Dressing

A person is considered to have a marked restriction in dressing if, even with appropriate therapy, medication, and devices (for example, button hook, occupational therapy), they meet both of the following criteria:

  • They are unable or take an inordinate amount of time to dress themselves.
  • This is the case all or substantially all of the time (at least 90% of the time).

Dressing yourself does not include identifying, finding, obtaining or shopping for clothing.

Examples for dressing

Example 1

Due to pain, stiffness, and decreased dexterity, Paul takes more time than the average person to dress himself on a daily basis.

Example 2

Peter requires the assistance from another person to dress himself.

 
Alternative formats and transcript

Transcript

Alternative formats: MPG4, WEBM

For some people, it may be that the act of getting dressed or undressed presents a significant challenge.

In the first example, the person is able to put on shoes without any help and leave the room.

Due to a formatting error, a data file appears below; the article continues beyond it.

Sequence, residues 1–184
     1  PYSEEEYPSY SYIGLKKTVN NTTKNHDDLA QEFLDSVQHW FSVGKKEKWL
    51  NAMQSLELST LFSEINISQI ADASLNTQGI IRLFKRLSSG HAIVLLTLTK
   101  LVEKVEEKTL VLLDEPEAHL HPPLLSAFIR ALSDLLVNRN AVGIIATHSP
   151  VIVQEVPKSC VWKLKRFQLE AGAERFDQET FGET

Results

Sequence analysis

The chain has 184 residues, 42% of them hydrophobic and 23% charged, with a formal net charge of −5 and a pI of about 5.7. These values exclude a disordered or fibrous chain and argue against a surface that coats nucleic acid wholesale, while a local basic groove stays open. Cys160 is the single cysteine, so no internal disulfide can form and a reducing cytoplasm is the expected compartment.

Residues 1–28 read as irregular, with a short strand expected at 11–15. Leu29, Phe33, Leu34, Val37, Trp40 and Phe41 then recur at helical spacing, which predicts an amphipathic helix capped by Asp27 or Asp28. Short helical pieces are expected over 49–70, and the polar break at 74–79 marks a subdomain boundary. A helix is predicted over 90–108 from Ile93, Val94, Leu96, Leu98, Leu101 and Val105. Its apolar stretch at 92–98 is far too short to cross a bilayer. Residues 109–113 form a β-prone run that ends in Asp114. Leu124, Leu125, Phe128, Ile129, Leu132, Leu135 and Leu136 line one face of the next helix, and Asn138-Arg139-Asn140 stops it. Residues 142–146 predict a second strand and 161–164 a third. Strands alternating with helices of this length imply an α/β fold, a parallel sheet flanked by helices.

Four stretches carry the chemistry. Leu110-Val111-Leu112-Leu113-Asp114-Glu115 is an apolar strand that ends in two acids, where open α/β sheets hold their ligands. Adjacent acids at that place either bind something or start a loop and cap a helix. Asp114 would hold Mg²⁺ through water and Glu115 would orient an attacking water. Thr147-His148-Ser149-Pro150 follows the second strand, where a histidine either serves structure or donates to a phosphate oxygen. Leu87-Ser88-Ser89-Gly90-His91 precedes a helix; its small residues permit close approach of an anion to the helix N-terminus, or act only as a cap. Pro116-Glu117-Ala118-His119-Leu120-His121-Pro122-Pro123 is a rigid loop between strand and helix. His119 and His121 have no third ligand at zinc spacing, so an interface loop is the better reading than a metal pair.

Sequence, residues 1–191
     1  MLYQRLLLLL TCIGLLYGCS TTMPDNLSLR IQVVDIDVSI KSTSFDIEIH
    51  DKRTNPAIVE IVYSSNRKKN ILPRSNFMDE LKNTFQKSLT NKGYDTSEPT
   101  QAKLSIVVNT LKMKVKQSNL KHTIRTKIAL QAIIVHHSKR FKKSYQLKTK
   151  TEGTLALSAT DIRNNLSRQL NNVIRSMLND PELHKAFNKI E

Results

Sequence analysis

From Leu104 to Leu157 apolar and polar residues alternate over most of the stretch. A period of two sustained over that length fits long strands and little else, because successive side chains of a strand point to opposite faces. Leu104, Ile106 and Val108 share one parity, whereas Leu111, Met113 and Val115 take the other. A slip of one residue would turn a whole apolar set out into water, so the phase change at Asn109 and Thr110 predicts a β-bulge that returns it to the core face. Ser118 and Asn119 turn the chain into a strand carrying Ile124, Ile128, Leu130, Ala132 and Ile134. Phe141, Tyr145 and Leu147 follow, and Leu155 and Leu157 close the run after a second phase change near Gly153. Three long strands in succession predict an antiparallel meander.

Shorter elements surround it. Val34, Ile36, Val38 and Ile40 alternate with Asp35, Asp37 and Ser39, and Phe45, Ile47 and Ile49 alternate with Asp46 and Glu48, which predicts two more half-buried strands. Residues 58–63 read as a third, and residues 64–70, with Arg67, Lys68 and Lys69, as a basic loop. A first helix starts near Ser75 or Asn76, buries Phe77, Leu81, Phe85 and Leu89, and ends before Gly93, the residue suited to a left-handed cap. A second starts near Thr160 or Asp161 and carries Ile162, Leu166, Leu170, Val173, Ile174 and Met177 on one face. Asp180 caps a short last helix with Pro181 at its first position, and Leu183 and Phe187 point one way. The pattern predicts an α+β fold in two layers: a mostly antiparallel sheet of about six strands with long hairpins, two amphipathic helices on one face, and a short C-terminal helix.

In this first example, the person would not qualify to receive the disability tax credit (DTC).

In the second example, the person is using a device to help put on the shoes.

In this second example, the individual would not qualify for the DTC, as the individual is able to complete the activity with the use of an aid without taking an inordinate amount of time.

In the third example, the person must make several attempts and experience significant discomfort in order to put the shoes on.

In this third example, the individual would qualify for the DTC as it takes an inordinate amount of time for the person to put on the shoes.

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